One of the ways that I gauge a really good therapy session is when I laugh really hard with my clients. Of course laughter in itself is not necessarily remedial, but healing is ultimately a joyful process and that is evidenced in the ability to experience hilarity. Often, the most gut-wrenchingly funny metaphors are that way precisely because they are so poignantly true. I recently experienced this when a metaphor for relationships occurred to me while working with a young fella who was having problems with his girlfriend. He was describing this deep sense of ambivalence about the relationship, exhausted by the ongoing search for resolution. Although “Jeremy” was repelled by his girlfriend’s rigid approach to the world, her tendency to lack understanding in pursuit of being “right” and, what can only be described as a rather immature approach to conflict, he nevertheless desperately longed for connection with her. This is a situation that characterizes many of life’s relationships–we want the other person to change certain negative characteristics, they seem unwilling and unable to adjust, but we can’t very well throw the baby out with the bath water and give up on the other person completely. If we did that we would soon find ourselves alone and without any source of nurturing or support whatsoever. A big part of our ability to bond interpersonally has less to do with the good fortune of finding perfect people to hang out with, and more to do with developing a strong “emotional immune system”, a term that describes a person’s ability to remain engaged with others but be minimally harmed by the flaws, mistakes, inconsideration and interfaces that happen within that dyad. Just like your body has a means of protecting itself from an imperfect environment (we fight off germs and heal when injured) so your mind and social interactions must also possess certain immunities, insulations and self-healing abilities. Without this, we would either need to be completely isolated, like the boy in the bubble, or we would be consumed by illness and pathology, like someone afflicted with AIDS. The emotional immune system is the set of skills I teach my clients so they can achieve the healthy middle ground of “connected but protected.”
I used a novel metaphor to help him take a different orientation toward his plight. I find the most useful lenses are also those that bring a lightening and comical spin to the dire problem:
“Say you are really hungry and there is no other food in the house but a hot dog. You heat it up in the microwave, put ketchup on it and just as you are about to take a bite, it falls off the plate and rolls onto the floor. It comes to rest in the corner of the kitchen where all the cat hair, crumbs and dirt accumulate. Even though you would like to get another one, that lone hot dog is all you have to eat. So, you have a choice: you can throw it away and go hungry, or you can brush it off the best you can and eat it anyway, trusting your body to fight off whatever germs may cause infection. What do you do?” I ask.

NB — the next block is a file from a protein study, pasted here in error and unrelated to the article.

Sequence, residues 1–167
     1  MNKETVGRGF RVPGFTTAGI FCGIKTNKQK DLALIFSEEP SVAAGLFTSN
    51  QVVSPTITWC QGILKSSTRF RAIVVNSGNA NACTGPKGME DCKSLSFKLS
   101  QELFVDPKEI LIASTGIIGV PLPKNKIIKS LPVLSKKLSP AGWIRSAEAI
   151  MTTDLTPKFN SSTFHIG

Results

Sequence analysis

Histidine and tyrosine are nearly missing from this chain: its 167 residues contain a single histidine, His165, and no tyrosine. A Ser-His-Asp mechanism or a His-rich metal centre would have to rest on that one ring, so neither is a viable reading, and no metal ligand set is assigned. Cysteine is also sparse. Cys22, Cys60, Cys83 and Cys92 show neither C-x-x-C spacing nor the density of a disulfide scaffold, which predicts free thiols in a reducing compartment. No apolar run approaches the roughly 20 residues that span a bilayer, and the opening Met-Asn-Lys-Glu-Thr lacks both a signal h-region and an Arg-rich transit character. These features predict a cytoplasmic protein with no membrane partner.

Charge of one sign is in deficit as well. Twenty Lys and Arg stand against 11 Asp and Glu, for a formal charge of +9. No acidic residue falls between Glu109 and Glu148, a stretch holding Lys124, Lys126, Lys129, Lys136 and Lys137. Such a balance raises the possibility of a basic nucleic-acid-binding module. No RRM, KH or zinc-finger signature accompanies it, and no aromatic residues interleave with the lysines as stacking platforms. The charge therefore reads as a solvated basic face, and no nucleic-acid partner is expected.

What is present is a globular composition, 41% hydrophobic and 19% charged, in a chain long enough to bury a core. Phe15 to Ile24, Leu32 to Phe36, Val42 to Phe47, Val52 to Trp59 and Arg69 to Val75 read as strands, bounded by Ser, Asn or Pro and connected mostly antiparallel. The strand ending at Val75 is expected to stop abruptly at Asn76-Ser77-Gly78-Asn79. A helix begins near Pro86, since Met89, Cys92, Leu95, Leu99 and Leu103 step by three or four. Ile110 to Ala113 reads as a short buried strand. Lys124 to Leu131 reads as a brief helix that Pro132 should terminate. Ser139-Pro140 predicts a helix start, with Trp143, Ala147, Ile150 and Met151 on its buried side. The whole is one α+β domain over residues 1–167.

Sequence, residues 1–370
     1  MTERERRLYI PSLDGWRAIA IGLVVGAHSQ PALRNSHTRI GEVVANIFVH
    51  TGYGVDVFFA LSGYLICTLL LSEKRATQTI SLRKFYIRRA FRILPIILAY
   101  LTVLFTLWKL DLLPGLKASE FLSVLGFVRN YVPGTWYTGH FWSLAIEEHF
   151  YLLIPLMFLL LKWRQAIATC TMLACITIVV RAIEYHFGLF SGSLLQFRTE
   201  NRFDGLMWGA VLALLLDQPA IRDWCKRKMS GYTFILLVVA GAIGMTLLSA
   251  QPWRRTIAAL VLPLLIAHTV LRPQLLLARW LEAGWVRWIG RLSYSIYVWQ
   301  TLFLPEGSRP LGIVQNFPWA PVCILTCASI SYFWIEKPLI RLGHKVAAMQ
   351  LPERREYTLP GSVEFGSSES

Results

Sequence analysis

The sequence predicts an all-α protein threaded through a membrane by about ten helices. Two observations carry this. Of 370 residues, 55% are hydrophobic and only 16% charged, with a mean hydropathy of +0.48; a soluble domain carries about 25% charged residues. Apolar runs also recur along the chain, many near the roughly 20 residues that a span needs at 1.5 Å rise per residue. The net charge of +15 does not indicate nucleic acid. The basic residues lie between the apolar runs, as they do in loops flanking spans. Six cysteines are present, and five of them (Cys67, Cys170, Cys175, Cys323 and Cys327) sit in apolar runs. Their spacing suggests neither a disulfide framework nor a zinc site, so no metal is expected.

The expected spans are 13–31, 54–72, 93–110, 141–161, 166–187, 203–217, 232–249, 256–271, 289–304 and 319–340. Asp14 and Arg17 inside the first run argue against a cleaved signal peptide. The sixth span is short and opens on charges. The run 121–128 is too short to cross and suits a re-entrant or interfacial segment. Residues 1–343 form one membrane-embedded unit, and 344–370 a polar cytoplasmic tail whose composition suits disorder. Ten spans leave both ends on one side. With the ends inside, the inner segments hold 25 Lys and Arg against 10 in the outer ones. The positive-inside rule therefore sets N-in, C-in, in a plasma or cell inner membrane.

“Uuuhhh…I guess I would eat it if I were really hungry, but I wouldn’t like it too much,” he replies.
“Yeah, OK you would eat it, because you recognize that you have an immune system that was built for just this kind of thing, and your body will keep you safe, but if you don’t eat the hot dog you certainly will starve. Well, your girlfriend is kind of like the dirty hot dog.”
He looks at me like I’m out of my mind and we both burst out laughing.
“Go with me on this!” I say. “You need your her to nurture your needs. You don’t have any other girlfriends hanging around, at least ones that you have a good connection and history with. Yeah she has some character defects, she has some flaws, she’s kind of a stinker sometimes, but she’s your girlfriend and if you go without her in your life, as much as you hate to admit it, a lot of your emotional needs will go unmet and we all know depression is caused by unmet needs. So maybe you take a risk. We’ve been working in therapy for the past how many sessions building up your emotional immune system. You know how to have internal boundaries, how to give less energy to the strain between you guys and assertively ask for what you want in that relationship. You have to start trusting your emotional immune system and be proactive in making use of it, because she (and probably most other people in your life) are like dirty hot dogs. They nurture you but they also have “germs”, (personality flaws and bad habits) that can hurt you. Only you can make the choice whether to eat the hot dog or not, but my opinion is it exactly is our capacity to eat dirty hot dogs that determines whether we will (emotionally) “starve” or not. Pat Benetar said it best, “love is a battlefield” because people are imperfect and expecting that you will never have to protect yourself from someone’s crappy behavior is kind of like expecting that all the food you eat will be completely sterile and you will never have to use your immune system. It is our capacity to embrace reality and use our skills to protect ourselves while connecting with those who meet our needs that in a big way separates the psychologically well from the ill.”
“Who is Pat Benetar?” he asks.
Once again we erupt in laughter, and I tactfully reply, “you suck.”